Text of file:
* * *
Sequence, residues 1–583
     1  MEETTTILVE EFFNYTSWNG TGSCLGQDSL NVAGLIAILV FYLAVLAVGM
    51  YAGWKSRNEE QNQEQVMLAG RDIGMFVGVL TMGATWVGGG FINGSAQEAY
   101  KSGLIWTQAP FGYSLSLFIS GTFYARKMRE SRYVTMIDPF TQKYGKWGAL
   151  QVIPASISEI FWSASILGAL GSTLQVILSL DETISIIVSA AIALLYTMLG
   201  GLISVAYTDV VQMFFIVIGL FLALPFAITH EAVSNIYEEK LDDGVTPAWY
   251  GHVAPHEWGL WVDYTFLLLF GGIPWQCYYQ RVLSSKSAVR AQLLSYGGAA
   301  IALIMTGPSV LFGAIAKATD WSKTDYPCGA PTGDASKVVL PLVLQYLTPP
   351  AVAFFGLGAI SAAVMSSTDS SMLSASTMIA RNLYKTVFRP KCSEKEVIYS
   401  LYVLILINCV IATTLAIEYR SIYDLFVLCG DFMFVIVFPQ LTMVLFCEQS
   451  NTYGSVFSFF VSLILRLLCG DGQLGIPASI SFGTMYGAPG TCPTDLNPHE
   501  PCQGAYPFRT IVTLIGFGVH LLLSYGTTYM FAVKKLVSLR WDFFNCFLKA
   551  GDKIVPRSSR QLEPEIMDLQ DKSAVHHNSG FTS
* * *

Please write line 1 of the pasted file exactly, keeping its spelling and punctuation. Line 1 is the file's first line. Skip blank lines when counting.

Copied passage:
Sequence, residues 1–583